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What are the Different Types of Depression

Clinical depression. There are different types of clinical depression:

Major Depression. People who exhibit depression symptoms for 2 weeks are longer can be diagnosed with major depression. The symptoms to look out for are

  • sudden weight loss or gain,

  • trouble getting to sleep or staying asleep,

  • feeling extremely tired all day,

  • feeling restless, agitated, sluggish,

  • feelings of worthlessness,

  • trouble concentrating,

  • trouble making decisions,

  • thoughts of suicide.

There are different levels of major depression, mild, moderate, and severe. Where someone fits in on this scale will determine their treatment. All need to talk to a professional to help them obtain the tools to battle depression. Some will need extra pharmaceutical help to balance brain chemistry or hormones.

Positive thinking is not a treatment, so stop asking a depressed person to think positively, they can’t. Depression is not sadness, it’s not the blues, it’s not something they can control.

Persistent Depressive Disorder (previously called chronic). People who suffer from this type of major depression have been battling it for over two years. This is where I get slotted in because there is a chemical imbalance within my brain causing my depression and medication does help to keep me in battle ready condition. Those who have this type of depression cannot just be happy. They have a serious physical issue inside their skull, so stop telling them to get over it, be happy, and stay positive.

Psychotic Depression. This is major depression with hallucinations thrown in for *hits and giggles. Those suffering from this type of depression can see things that aren’t there, are delusional, or paranoid. This type of depression is very serious and needs to be taken seriously by loved ones who are in a supportive role.

Bi-Polar Disorder. Those who suffer from bi-polar disorder, otherwise known as manic depression, have extreme mood swings, which lead to self-destructive behaviours on both sides of the pendulum. When they are in a manic phase, they feel invincible, have big ideas, and a truckload of energy. They don’t sleep when experiencing mania and they don’t have normal reactions to situations. A serious illness in a loved one won’t phase them because they can fix anything. Then the fall comes and suddenly they can’t do anything, all their plans and efforts go up in smoke as they hide from the world. For people suffering from this illness, the treatments are more complex than straight up depression.

Non-clinical depression

Situational depression. Most people who experience depression at some point in their lives have this type of depression. It is triggered by an event they have no control over and causes them a great amount of grief. At times they have lost their purpose, their reason for living, and feel like they no longer matter in this world. Once the situation has resolved itself or enough time has passed, the depression lessons and they can lead normal lives again. Some people will need a mild anti-depressant to help them get through this time.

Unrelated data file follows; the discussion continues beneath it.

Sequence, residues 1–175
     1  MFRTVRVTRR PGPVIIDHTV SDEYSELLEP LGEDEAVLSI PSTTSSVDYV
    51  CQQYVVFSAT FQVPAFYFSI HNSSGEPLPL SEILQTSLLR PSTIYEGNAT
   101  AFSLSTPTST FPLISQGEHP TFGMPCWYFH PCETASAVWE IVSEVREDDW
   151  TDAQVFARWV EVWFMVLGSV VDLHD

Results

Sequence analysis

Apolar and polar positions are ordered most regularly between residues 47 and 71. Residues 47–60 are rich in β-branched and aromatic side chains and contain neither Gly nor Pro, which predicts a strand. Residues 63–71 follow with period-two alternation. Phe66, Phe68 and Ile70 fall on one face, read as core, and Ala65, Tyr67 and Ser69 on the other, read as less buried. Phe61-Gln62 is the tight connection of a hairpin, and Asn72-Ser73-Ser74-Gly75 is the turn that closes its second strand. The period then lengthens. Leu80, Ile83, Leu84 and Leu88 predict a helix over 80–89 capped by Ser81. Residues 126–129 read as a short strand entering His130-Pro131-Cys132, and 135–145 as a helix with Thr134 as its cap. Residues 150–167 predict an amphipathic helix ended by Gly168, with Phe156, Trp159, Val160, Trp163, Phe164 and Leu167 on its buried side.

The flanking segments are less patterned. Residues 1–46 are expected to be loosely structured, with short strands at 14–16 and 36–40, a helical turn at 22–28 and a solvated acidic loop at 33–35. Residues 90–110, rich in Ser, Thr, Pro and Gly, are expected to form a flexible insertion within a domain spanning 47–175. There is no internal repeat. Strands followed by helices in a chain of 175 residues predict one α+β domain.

Seasonal Affective Disorder (SAD). We all can suffer from seasonal depression if we move to the north pole between October and May without any Vitamin D supplements. Those who live in places where the sun doesn’t shine for months on end, like Vancouver in the winter, seasonal depression can settle in, especially if your body lacks Vitamin D. With a special bright light and some Vitamin D pills, most people are able to get out of their funk during the long dark winter.

Postpartum depression. This occurs in mothers who struggle after childbirth for a lot of different reasons, hormones, anticlimactic expectations, lack of support, life changes, lack of confidence, lack of sleep, and a number of other reasons. Mothers who are not bonding with their babies, cry all the time, or want to do nothing but sleep need to see a doctor, even if they don’t feel like it. They won’t feel like it. They might need someone to take control and get them help by taking them to the doctor and explaining what they are witnessing.

Premenstrual Dysphoric Disorder (PMDD). This occurs in women monthly before their periods and can be hard to diagnose because there could also be PMS symptoms masking this problem. If you find yourself getting sad, disinterested, really tired, anxious before your period every month, you may need pharmaceutical help to manage your hormones or brain chemistry.

To get more details and a better understanding of these different types of depression, go to web md.

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